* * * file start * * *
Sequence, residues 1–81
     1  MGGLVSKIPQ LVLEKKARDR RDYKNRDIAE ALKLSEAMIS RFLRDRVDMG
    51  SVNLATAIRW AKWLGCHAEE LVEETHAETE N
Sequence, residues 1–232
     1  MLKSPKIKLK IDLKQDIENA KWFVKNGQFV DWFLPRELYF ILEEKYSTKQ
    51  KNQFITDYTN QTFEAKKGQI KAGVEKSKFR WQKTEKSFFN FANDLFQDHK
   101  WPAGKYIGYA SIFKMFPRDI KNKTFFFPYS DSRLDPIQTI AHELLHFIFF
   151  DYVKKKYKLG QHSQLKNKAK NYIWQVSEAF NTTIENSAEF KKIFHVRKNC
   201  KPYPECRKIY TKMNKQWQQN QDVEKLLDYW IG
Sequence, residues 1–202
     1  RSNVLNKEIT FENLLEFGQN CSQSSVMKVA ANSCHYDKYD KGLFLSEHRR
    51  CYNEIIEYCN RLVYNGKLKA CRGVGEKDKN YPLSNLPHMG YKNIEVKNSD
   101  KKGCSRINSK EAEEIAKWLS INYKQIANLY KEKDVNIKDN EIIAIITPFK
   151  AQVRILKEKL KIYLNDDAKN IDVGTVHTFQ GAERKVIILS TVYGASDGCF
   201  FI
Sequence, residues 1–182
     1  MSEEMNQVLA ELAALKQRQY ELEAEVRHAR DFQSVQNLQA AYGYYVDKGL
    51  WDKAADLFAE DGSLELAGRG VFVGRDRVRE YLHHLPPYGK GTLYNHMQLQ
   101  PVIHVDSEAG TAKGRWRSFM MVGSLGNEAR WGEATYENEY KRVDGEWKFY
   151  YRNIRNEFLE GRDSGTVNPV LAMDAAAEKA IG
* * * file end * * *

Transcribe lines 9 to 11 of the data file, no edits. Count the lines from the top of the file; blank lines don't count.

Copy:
   201  KPYPECRKIY TKMNKQWQQN QDVEKLLDYW IG
Sequence, residues 1–202
     1  RSNVLNKEIT FENLLEFGQN CSQSSVMKVA ANSCHYDKYD KGLFLSEHRR